Archive for September, 2007

Just the Phacts, Ma’am.

Monday, September 24th, 2007


Originally uploaded by Pete Mandik

Eric Schwitzgebel and I have been having an interesting (to us, at least) exchange in the comments on his recent post “Three Reasons to Mistrust Reports about Ongoing Conscious Experience“. At issue in our exchange are questions concerning introspective reliability concerning phenomenological facts or “phacts” as I called them. Eric is somewhat famous now for his many interesting arguments against introspective reliability. I tend to side with people who think that there are important senses in which introspective judgments can’t be wrong.

An interesting case, and one that Eric raises, concerns people’s judgments about the nature of their visual field. More specifically, people tend to vary over times and across subjects in their judgments concerning how much of the visual field is clear. The determinate colors and shapes of peripherally presented objects cannot be seen clearly. But people vary in their opinions about whether this is so.

Key question: do people vary in their accuracy of judgments of the phacts of the matter? That is, do some but not all of them get the phacts right?

The answer to the key question depends, of course, on what the phacts are. And one possibility that needs to be dealt with is that the variation in judgments is matched by a corresponding variation in phacts. On an extreme version of this possibility, everyone is right, they’re just right about different phacts.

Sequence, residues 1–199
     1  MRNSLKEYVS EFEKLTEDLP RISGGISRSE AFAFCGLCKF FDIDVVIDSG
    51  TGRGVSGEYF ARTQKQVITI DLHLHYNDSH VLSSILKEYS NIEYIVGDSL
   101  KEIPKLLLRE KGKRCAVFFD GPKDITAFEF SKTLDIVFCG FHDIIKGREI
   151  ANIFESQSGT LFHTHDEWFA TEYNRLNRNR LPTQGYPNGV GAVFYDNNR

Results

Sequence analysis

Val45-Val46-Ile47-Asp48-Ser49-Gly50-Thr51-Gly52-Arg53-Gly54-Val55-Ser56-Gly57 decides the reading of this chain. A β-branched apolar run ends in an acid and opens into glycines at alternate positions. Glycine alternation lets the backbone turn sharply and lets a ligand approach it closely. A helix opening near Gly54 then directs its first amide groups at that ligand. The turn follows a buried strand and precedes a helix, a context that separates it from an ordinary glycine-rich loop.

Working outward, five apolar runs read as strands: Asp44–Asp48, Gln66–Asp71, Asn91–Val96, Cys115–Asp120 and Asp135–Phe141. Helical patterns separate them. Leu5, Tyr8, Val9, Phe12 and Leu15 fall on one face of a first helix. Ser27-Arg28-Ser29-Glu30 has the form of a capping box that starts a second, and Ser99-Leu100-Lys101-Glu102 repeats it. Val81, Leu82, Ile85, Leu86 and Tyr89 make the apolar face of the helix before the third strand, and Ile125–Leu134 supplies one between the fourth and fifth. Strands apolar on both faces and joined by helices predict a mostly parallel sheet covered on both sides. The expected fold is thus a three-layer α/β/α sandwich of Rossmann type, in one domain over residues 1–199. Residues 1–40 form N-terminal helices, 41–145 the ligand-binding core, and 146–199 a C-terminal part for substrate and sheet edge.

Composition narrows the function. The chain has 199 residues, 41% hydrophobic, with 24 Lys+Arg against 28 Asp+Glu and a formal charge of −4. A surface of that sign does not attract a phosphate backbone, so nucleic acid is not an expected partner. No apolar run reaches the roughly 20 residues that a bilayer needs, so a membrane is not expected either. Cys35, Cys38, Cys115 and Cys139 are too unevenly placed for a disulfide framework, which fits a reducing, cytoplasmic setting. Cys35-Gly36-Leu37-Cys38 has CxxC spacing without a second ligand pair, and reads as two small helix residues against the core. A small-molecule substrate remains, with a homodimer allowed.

One way to characterize resistance to this possibility is as interposing a third realm between a first realm constituted by objective facts concerning stimuli and sensory receptors and a second realm constituted by various conceptualized reactions to stimuli. Supplying a third realm gives something for items in the second realm to be mistaken about yet, unlike items in the first realm, look like candidates for genuine phenomenology. A lot of what Eric claims people to be mistaken about look to me to not be mistakes about phenomenology, but instead mistakes about what’s going on in the first realm (or mistakes about relations between the first and second realms).

Worries about a third realm can be put by saying that we really have no idea what sorts of denizens would populate it. In the case of the visual field, third-realm denizens would include peripheral objects that are colored and shaped but have no determinate color and no determinate shape. Do we really understand the suggestion that there can be such objects? And aside from questions about what objects would be, there are the various questions that arise about where they would be. No one’s ever found anything like that in anyone’s brains, and the items that populate our external environments certainly don’t fit the description.

It’s not enough to motivate the postulation of the third realm to say that we already know what it is, that it’s whatever makes it the case that there’s something it’s like to be conscious. Nor is it enough to counter skeptical resistance by characterizing that resistance as requiring reductive definitions. Reductive definitions are beside the point at this stage in the game, we just want something informative to “what are you talking about?” kinds of questions. No one has a reductive definition of a duvet, but could probably say something more informative about duvets beyond “if ya gotta ask, ya ain’t ever gonna know” kinds of responses.

The most pressing challenge for friends of the third realm is to say something informative about it such that it would be something separate from the second realm. This is because the second realm seems to be best suited for handling the sorts of weird indeterminacies that arise for phacts – indeterminacies like being indeterminately colored or having an indeterminate number of speckles.

See also:
[How do you know that you know what you are talking about when you talk about qualia?]